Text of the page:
Carson Guo was a 17-year-old with a fondness for urban streetwear when he set out to join the art world’s big leagues. His father de el, an executive at a major Chinese conglomerate, collected modern masters like Picasso—but the younger Mr. Guo felt ready to collect on his own. One day during his school lunch break, he placed the winning, $800,000 bid for a set of 248 Supreme skateboard decks at Sotheby’s.
The fact that a teenager won shocked Sotheby’s executive Patti Wong three years ago—but today she said she studies the differing art tastes of father and are. “These young collectors grew up going to art fairs and auctions, and they’re digitally savvy and well-informed,” Ms. Wong said. “They’re discovering new artists and finding even artists the older generation overlooked.”
This week as New York’s chief auction houses kick off a two-week series of spring sales that will aim to sell off $2 billion worth of art, young collectors half-a-world away in China are poised to set the pace as they compete remotely for everything from high-end watches to dinosaur artifacts to Andy Warhol.
Mr. Guo is part of this latest wave of savvy, Chinese collectors to join the art world’s upper echelons. These newcomers are young, often educated in the West and flush from self-made or family fortunes in banking, tech or real-estate. Plenty in this cohort under the age of 40 started small by bidding online during the pandemic, but auction houses say they are starting to stretch for bigger-ticket items and reshaping global tastes to match their own. As a result, the houses are hustling to alter their offerings to suit, from high-end watches and handbags to collectible sneakers and edgy art.
Since pandemic-related lockdowns prevented some houses like Phillips from shipping preview highlights of their upcoming sales to Hong Kong or Shanghai, the house said it instead arranged video chats and sent virtual-reality videos to potential bidders there.
It is unknown how collectors in Hong Kong or mainland China will react if China’s government follows through with plans to pause its recent crackdown of tech companies, which had included plans to limit the time young people could spend on their mobile phones.
Dealers say the newer influx entering the art market wants to show off their cultured lifestyle on social media and beyond, and they’re hitting the art market in droves. Sotheby’s said it’s selling art to at least 4,000 Asian collectors under the age of 40 now, twice as many as three years ago.
Buoyed in part by their ebullience, overall art sales last year in China grew 35% to $13.4 billion, according to an art-market report published by the Swiss fair Art Basel and UBS two months ago.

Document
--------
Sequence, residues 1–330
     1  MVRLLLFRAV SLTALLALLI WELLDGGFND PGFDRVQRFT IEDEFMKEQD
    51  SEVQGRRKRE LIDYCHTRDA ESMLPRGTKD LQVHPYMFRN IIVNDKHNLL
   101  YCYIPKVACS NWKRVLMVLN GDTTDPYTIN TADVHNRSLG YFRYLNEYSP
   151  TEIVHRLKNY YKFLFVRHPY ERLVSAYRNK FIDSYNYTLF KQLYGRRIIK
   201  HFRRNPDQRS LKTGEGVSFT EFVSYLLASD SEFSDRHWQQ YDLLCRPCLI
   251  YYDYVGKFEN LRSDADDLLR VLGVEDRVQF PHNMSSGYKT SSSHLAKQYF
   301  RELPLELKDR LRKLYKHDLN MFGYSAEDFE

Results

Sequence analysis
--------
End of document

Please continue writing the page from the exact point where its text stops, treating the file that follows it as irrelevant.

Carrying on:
David Chau, a 37-year-old Shanghai collector and founder of that city’s Art021 fair, is arguably an elder statesman of the millennial set. Mr. Chau started trading sports cards and comic books after his parents sent him to a Canadian boarding school at age 9. By the time he was a college freshman in Vancouver, he was buying $2,000 works on paper by Dayu Wu, a 1920s predecessor of modern master Zou Wou-Ki who has since enjoyed his own market arises.
Mr. Chau said he later reaped a tiny sum reselling his early buys, and he said he sees the same speculative energy among China’s up-and-comer collectors today. (He said he no longer sells art from his collection of him, now part of his art-funding CC Foundation.)
“Younger collectors get their information from social media, but they work hard and they’re working harder now at collecting,” he said.
Consider Yayoi Kusama, the Japanese artist known for painting polka dots on pumpkins and creating immersive, mirrored rooms filled with sparkly lights. Ms. Wong at Sotheby’s said millennials in mainland China and Hong Kong recently spotted a chance to score bargains by pivoting away from the pumpkins to instead buy Kusama’s older, “Infinity Net” paintings from the late 1950s. Four years ago, the going rate for a “Net” painting from 1959 was under $6 million. Now, such pieces have sold for as much as $8 million at Sotheby’s Hong Kong, according to auction database Artnet.
Over the past two years in Hong Kong, fashion-marketing entrepreneur and collector Federico Tan said he’s watched local collectors line up to buy paintings of playful characters by several Spanish artists at galleries and auctions in Hong Kong and Shanghai.